i did consider adding additional sounds or having multiple instances of the chord playing at once, but i felt that, for me, it was not in the spirit of the project. the idea is based off a single instrument playing the chord, so i decided to have just a single instrument in mine as well. i thought about having some atmospheric/field recording type sounds as well, but i felt like those might muddle the piece, although of course ambient sounds are very appropriate to something inspired by john cage. pleasingly, over half of the duration of my piece has no notes actively being played; the sounds are purely reverb and echo.
the final step was to come up with a title and some artwork for the piece. as usual i went to the thesaurus. i didn’t find anything particularly inspiring for the project’s title, “cage chord”, but i did find some nice synonyms when i started searching for the title of the musical piece itself, “as slow as possible”. i came up with the title “drowsy hypothetical” which appealed to me greatly; a fair amount of my music seems to be associated with sleep and dreams so it seemed rather fitting.
again for the artwork the standard routine was to produce it via ai. i fed the system the track title and some appropriate keywords, and when selecting the random number seed for the image, i put in 639, the number of years it will take to play “as slow as possible” in its entirety.
i hope people enjoy this piece. i had a nice time making it, and it was a pleasant if slight diversion from working on my own drone project; the method here was different enough for it to be a change of pace.
I can’t believe it’s been 4 years since I attempted a Junto project! This week’s prompt seemed like a nice place to jump back in.
To make my drone I recorded one note at a time on my Korg Minilogue and manually adjusted the filter frequency and resonance along with a few other parameters. I also threw in some quiet natural ambience that I recorded last weekend. I tried to keep the ambience in tune with the drone.
Hi everyone! Finally have been able to rejoin the Junto for a bit of sonic fun! Love this prompt, as I love making drones…
Recently, I’ve been having a lot of fun using Ableton’s Simpler device to make my own instruments. Here, I’ve used a field recording of a cricket [taken outside my house] and Raum [vst reverb plugin] to play this chord.
Today’s attempt, tomorrow might change:
Perhaps not so drony. I sequenced the notes of the chord in Achologies and played them through the internal synth and midi to Pluto. Then I gathered it all in Coco for some slight processing. This resulted in an 8min track, which I then jumbled together in Ableton.
Should loop nicely.
Edit: updated the file slightly. New url for the playlist-minded.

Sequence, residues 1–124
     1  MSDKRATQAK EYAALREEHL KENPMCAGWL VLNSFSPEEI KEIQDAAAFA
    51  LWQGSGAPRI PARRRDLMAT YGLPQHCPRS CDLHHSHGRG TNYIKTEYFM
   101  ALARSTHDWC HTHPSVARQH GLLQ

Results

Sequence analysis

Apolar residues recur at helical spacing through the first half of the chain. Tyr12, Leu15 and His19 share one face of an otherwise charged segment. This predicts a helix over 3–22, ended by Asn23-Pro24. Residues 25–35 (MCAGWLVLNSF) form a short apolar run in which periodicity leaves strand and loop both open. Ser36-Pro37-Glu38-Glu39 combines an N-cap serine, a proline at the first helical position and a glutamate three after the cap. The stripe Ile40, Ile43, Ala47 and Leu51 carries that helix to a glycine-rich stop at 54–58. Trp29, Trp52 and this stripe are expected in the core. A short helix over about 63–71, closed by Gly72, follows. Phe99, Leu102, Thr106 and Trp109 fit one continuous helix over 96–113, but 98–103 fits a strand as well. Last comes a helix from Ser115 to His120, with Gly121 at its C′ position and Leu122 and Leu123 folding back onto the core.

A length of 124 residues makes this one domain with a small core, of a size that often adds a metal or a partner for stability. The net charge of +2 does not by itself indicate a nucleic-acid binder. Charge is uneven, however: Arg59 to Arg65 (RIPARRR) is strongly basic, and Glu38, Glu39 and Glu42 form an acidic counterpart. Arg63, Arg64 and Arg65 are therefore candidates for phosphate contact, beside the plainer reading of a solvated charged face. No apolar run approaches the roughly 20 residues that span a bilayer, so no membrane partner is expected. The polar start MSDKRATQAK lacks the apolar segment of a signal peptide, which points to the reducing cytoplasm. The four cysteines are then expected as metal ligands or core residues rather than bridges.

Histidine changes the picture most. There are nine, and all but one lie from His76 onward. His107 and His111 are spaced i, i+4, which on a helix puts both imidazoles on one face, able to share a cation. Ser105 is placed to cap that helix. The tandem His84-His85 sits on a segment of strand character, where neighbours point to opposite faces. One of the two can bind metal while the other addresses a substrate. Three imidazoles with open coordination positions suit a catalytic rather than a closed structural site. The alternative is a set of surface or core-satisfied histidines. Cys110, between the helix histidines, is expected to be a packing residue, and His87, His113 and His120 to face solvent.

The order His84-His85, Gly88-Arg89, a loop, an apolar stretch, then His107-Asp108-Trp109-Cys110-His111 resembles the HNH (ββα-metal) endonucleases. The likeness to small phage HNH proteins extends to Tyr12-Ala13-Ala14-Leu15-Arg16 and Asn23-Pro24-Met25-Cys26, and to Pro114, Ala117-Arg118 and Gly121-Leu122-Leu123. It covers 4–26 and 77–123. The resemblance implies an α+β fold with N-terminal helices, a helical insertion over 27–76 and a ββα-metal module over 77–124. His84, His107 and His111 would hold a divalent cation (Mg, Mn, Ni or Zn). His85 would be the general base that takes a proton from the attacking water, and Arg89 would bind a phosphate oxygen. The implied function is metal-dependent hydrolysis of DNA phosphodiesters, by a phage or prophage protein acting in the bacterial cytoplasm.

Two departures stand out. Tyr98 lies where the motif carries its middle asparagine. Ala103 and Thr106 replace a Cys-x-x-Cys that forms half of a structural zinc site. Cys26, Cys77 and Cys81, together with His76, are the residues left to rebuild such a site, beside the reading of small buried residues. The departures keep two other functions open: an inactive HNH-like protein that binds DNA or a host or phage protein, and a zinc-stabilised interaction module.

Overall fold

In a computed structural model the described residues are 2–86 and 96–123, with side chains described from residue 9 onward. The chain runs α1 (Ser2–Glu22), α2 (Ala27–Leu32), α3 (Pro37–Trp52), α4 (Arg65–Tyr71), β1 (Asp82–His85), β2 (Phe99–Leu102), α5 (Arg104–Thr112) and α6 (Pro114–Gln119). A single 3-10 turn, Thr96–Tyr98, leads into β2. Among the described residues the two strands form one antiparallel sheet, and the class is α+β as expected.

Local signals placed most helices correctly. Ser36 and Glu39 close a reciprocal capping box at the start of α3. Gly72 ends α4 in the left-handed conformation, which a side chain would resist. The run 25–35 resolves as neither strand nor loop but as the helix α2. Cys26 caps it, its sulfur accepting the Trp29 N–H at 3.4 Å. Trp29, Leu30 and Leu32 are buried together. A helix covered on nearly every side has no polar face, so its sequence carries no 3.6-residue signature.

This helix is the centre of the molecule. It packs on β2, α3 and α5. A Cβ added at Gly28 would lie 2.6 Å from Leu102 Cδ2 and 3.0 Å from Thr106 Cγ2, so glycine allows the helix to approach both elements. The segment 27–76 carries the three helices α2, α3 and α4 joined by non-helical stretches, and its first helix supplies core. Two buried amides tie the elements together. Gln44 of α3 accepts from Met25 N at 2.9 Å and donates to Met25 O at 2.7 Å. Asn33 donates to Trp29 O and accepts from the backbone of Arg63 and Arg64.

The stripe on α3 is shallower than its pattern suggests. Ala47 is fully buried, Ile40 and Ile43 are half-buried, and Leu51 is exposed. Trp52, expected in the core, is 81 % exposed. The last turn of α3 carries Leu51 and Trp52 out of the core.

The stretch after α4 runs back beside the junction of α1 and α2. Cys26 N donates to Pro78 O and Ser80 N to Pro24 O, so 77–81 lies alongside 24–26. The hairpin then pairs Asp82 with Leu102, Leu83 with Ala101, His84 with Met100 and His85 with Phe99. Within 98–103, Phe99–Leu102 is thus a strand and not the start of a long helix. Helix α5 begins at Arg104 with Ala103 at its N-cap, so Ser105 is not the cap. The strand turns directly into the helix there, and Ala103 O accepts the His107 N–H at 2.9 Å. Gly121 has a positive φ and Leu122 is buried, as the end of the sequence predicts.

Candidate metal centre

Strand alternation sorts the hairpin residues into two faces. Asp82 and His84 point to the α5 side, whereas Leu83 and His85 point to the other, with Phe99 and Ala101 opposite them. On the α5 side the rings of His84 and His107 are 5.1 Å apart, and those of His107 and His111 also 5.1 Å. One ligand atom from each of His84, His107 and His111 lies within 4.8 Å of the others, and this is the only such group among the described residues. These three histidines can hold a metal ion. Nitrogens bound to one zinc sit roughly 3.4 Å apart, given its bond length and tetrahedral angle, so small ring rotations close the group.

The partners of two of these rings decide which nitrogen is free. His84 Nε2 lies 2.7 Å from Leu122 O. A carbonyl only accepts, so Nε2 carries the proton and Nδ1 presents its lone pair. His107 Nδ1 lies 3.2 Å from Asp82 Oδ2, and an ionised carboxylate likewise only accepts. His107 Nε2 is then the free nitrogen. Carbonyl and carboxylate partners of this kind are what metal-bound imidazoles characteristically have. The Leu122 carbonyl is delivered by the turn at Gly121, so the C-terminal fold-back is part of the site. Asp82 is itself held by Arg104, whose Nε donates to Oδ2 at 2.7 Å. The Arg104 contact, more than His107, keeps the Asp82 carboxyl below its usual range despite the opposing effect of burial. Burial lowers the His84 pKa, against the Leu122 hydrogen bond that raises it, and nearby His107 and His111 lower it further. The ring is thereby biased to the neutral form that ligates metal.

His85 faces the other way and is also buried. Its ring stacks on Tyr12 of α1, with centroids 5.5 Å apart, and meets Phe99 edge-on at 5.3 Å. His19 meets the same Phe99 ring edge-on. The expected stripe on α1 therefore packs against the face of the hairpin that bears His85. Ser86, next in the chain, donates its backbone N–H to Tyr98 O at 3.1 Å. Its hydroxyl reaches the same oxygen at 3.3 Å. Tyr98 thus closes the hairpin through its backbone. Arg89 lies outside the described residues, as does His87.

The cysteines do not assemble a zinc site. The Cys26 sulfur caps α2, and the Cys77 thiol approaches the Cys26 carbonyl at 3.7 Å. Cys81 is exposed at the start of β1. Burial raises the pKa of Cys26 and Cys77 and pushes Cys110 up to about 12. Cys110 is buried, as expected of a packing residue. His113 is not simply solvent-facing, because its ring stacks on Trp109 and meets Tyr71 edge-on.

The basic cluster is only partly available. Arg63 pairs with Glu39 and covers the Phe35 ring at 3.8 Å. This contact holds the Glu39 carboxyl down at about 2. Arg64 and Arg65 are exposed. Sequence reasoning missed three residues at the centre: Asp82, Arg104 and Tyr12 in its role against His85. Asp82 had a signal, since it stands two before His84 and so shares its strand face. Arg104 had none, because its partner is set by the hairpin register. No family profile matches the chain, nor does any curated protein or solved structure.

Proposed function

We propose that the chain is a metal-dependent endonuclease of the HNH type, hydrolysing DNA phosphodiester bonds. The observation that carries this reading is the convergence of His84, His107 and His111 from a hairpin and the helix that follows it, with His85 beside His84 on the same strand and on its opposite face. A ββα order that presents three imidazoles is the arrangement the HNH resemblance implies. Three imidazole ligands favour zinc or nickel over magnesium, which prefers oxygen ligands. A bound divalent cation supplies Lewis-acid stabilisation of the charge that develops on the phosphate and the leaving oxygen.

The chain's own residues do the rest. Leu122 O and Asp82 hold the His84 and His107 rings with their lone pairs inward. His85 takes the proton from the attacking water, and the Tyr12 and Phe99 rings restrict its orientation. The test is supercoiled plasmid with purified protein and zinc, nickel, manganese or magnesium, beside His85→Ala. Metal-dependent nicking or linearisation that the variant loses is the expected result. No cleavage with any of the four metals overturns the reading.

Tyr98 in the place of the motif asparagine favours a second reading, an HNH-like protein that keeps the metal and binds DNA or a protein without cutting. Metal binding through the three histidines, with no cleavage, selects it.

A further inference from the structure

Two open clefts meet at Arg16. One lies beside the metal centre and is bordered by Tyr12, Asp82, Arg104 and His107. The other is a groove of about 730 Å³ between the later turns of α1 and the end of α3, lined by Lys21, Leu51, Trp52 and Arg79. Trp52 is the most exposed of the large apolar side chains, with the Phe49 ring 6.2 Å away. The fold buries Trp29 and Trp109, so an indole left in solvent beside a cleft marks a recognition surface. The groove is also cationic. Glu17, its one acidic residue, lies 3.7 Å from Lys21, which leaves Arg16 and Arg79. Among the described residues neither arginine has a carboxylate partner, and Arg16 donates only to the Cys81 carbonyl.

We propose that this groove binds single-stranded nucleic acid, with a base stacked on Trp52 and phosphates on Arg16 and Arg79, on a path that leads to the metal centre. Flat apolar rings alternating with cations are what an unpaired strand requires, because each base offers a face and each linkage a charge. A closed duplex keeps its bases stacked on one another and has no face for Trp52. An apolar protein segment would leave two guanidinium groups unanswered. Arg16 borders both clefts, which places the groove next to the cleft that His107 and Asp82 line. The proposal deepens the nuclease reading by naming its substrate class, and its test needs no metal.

Made with NI Maschine+ (Reaktor and Massive). Two Massive heavily modulated drones playing the bordone Cage chord, going through a couple of pulsating Reaktor FXs and a band-pass panning phaser. On top a free played pianoforte pattern over Cage chord notes with an ostinato mini-theme on the left hand.
I wanted some movement in my part. So I mixed Felt Instrument’s Helenko, Tapes 01 Ensemble, and Slate & Ash Landforms. Well, that was a short and sweet assignment
Looking forward to all your contributions!
Hi everyone. Thank you so much for the engaging messages and discussion re that single chord - for catching the wrong pitch, for correcting the MIDI file. Looks like we have several interpretations of what sould be sounding too. And for a moment I stressed out - I’ve got this wrong! - but then I did check with what’s sounding in Halberstadt (there’s footage on YouTube) before sending the file off to Marc, and it did sound different again. So who knows… but now, listening through your wonderful contributions, they’re so wildly eclectic that I think it probably doesn’t matter all that much. The plan is to edit one single long drone from the contributions and play it at the Cage Room as a loop. Will let you all know how it turned out.
And you know what? A friend just alerted me to the fact that John passed away exactly 30 years ago today. What a wonderful coincidence that we are gathering here around a single chord by this gentle giant of music, and honoring him in our own small way.
I split up the chord into a fistful of Ableton Live tracks, all with (not too) different Kontakt instruments and placed them in space by pan and reverb. Every note had a chance of being played of 50% per 90bpm bar. Some noise was added because I felt it being too clean, accepting that this and too much movement would maybe not correspond with the spirit of Cage’s piece.